Robert

phillip

Brother Robert,

I don’t have my own definition for total depravity. How can I have “my” definition to total depravity if I don’t hold the term? I only know what I read.

However, here is a sample of Total Depravity defined on-line…..

“Total depravity (also called radical corruption, or pervasive depravity), is a theological doctrine derived from the Augustinian concept of original sin. It is the teaching that, as a consequence of the Fall of Man, every person born into the world is enslaved to the service of sin and, apart from the efficacious or prevenient grace of God, is utterly unable to choose to follow God, refrain from evil, or accept the gift of salvation as it is offered.”

If total depravity entails “unable to choose to follow God” and unable to “accept the gift of salvation” then I reject it. The bible is full of examples of depraved men who chose to follow God and accepted the gift of salvation.

You said…. “Now I don’t play games…..”

Good. So I want to add two questions to the discussion so we both know where we stand.

Are you an Arminian?

Are you a member of the Society for Evangelical Arminians?

And my original question still stands….

Please elaborate on this “less depraved state”.

    Robert

    I am a bit surprised by your latest response:

    “I don’t have my own definition for total depravity. How can I have “my” definition to total depravity if I don’t hold the term? I only know what I read.”

    How can you intelligently and rationally reject something if you don’t even know what it is??????????????

    If you know what it is then you can define it. But NOW according to your latest words you don’t even have a definition of that which you reject.
    I used to work with the late Walter Martin in counter cult ministry and it was critical to get the cultists to define what they meant by terms because they used the same terms as believers do but with very different meanings. You cannot even disagree about something if there is not common agreement about what the term of disagreement means!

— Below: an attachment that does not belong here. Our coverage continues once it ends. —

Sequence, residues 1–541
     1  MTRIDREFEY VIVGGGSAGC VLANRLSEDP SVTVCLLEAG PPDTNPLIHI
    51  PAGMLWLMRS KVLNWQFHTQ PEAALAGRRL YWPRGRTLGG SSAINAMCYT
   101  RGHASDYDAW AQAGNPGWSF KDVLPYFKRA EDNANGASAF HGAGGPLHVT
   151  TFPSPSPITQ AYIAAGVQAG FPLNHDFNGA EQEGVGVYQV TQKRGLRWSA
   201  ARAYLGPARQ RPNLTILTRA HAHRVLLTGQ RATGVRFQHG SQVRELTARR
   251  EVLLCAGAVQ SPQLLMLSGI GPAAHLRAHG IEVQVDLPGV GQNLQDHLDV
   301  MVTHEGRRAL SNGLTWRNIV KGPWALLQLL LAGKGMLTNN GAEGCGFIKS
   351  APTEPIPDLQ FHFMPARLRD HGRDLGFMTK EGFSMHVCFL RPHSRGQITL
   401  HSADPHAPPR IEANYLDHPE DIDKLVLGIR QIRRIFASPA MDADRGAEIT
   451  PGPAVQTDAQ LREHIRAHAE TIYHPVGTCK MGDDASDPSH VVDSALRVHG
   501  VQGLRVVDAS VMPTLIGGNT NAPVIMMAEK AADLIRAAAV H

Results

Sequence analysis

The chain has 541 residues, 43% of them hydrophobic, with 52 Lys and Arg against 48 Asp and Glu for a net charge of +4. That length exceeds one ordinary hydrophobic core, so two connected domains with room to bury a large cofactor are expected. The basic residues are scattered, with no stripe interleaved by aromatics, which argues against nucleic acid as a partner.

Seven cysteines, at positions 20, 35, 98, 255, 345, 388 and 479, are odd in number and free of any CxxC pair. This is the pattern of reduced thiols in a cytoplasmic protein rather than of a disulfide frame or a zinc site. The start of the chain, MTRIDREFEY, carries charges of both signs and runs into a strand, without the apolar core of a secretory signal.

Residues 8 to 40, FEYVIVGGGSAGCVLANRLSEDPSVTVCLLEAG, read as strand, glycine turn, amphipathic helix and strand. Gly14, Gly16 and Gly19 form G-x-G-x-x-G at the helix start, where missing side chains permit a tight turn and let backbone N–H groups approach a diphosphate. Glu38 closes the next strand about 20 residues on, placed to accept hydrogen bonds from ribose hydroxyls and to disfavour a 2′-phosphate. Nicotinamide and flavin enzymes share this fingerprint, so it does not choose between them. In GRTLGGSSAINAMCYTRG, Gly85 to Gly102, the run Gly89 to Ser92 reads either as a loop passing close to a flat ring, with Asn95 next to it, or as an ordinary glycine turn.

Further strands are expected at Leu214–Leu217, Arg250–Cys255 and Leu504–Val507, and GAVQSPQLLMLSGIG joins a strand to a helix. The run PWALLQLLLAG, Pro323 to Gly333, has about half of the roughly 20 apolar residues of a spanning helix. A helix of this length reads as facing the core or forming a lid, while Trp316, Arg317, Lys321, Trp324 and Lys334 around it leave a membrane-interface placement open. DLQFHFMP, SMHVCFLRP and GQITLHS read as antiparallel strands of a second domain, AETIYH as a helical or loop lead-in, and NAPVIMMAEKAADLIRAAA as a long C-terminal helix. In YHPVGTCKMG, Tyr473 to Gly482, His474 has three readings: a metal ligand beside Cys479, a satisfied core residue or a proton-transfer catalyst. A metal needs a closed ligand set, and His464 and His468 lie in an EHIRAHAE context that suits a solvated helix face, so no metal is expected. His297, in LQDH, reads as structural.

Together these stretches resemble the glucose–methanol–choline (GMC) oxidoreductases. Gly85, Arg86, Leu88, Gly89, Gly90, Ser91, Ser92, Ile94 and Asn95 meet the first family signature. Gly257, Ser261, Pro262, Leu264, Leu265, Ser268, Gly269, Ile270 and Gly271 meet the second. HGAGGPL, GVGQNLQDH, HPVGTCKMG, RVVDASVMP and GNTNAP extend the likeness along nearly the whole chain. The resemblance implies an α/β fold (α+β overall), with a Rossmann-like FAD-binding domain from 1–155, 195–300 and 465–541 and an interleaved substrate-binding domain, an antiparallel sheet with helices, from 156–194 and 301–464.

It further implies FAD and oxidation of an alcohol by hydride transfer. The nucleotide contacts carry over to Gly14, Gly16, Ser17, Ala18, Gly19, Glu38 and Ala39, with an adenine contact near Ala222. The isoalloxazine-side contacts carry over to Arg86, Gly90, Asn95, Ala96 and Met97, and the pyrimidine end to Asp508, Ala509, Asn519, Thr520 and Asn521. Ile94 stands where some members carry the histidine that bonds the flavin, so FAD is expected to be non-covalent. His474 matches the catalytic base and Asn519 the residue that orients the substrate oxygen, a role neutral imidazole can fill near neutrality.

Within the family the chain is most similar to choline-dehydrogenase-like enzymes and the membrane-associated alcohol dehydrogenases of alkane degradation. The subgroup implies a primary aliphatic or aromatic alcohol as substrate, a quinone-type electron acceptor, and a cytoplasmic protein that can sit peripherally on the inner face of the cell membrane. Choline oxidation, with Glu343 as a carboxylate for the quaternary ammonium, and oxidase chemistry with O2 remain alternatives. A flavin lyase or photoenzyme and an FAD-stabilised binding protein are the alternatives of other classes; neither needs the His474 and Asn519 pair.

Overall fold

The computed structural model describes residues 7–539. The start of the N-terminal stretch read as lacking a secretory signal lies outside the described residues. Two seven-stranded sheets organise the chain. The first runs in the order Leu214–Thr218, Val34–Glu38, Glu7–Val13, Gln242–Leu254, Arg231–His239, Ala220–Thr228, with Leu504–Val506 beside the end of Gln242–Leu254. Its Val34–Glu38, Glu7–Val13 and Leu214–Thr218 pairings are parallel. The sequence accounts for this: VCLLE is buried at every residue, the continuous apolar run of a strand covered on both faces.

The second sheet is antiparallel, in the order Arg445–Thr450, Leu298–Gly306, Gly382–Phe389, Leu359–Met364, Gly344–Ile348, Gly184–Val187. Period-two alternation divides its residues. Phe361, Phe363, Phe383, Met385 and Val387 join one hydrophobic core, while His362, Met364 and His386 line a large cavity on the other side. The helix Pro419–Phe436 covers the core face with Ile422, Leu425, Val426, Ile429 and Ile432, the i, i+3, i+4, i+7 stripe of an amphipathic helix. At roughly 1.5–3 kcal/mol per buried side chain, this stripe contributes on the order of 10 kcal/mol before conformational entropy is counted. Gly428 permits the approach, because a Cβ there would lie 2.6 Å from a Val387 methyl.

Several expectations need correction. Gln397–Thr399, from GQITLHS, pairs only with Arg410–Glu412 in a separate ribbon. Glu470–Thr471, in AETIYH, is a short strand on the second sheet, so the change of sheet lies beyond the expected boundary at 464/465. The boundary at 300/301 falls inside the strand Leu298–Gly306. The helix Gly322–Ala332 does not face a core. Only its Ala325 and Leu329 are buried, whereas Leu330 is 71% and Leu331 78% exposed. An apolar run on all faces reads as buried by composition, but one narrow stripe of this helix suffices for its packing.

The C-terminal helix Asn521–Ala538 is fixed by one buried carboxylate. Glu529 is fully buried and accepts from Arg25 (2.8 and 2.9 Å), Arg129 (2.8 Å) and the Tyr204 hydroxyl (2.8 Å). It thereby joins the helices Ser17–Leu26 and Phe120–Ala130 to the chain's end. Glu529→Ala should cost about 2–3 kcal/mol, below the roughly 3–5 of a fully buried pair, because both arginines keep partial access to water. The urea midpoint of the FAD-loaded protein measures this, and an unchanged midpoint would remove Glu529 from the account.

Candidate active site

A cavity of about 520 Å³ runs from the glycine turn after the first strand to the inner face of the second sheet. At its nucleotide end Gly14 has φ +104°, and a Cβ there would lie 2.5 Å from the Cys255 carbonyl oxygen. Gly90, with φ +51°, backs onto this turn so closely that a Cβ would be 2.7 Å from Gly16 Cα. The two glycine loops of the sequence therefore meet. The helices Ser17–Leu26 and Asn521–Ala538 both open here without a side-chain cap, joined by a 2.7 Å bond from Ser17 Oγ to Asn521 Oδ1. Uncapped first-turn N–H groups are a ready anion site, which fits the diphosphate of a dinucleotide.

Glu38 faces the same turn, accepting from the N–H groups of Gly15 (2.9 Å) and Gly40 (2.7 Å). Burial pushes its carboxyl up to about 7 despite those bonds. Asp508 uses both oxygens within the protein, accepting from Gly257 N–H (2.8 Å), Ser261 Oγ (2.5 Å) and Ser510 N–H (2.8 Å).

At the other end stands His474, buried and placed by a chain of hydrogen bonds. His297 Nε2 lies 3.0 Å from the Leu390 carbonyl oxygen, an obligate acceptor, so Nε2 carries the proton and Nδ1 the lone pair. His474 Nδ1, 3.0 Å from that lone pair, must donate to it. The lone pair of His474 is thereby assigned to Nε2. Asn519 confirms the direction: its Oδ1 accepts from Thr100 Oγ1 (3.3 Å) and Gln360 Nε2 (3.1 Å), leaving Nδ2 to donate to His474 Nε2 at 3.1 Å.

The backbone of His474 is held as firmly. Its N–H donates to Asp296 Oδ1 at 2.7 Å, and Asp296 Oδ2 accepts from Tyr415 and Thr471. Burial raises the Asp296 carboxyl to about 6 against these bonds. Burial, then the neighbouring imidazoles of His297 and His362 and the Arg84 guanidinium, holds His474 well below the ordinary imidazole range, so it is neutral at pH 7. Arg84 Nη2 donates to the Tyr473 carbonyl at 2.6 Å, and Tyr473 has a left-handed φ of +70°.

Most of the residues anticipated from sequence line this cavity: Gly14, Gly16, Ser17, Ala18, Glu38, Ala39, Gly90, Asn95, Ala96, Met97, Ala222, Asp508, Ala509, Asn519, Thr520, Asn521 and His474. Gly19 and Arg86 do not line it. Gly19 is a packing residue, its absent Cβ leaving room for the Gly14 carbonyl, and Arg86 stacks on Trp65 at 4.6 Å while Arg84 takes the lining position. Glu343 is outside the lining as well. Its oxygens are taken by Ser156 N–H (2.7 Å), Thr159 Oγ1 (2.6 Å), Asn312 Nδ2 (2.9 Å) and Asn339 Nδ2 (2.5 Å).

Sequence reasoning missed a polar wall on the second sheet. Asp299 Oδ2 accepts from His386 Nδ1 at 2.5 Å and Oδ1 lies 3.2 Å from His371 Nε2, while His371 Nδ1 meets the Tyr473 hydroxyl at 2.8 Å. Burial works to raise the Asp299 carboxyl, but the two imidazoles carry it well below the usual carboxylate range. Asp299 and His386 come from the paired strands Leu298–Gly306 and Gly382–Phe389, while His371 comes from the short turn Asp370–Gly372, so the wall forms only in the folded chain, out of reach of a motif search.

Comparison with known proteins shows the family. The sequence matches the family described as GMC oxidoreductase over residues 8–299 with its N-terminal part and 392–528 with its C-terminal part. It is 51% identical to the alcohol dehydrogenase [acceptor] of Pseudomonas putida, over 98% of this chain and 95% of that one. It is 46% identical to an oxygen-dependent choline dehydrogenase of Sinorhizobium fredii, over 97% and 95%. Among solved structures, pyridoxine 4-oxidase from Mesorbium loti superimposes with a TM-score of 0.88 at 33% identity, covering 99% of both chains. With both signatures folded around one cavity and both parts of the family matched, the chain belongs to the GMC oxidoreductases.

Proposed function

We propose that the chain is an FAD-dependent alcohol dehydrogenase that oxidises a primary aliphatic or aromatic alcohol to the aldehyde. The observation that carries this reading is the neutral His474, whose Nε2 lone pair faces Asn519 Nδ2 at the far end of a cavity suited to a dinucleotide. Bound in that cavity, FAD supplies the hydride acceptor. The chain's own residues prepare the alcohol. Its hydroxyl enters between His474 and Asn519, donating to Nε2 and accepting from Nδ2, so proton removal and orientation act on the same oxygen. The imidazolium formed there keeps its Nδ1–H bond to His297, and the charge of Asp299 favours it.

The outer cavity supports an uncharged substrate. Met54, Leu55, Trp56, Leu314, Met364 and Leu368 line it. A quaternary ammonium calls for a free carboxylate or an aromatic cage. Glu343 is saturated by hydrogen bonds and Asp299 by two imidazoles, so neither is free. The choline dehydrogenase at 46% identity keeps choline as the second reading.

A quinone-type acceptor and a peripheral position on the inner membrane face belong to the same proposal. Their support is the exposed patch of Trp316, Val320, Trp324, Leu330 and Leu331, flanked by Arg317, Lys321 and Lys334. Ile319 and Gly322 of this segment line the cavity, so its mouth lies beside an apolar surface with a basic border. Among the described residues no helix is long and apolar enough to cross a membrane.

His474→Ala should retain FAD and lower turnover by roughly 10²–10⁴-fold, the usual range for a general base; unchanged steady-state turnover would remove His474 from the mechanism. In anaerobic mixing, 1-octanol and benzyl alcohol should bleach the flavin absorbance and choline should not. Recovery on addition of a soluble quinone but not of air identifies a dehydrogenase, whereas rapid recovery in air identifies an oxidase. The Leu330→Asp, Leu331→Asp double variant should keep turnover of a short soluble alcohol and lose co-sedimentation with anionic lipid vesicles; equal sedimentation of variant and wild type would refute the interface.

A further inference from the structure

Regarding you “only knowing what you read”, different people have different definitions of things. Has it even occurred to you that different people may be defining things differently?

    If you are going to reject something you have to know and understand what you reject. If you can’t even define it, then you are not intelligently or rationally rejecting something. You may even reject something out of ignorance or misunderstanding that you actually accept! For example Catholics define grace one way and others define it differently. If you say you reject the Catholic conception/definition of grace you at least need to be able to define it.

    “However, here is a sample of Total Depravity defined on-line…..
    “Total depravity (also called radical corruption, or pervasive depravity), is a theological doctrine derived from the Augustinian concept of original sin. It is the teaching that, as a consequence of the Fall of Man, every person born into the world is enslaved to the service of sin and, apart from the efficacious or prevenient grace of God, is utterly unable to choose to follow God, refrain from evil, or accept the gift of salvation as it is offered.”
    If total depravity entails “unable to choose to follow God” and unable to “accept the gift of salvation” then I reject it.”

    This demonstrates how not defining terms leads to misunderstanding and problems.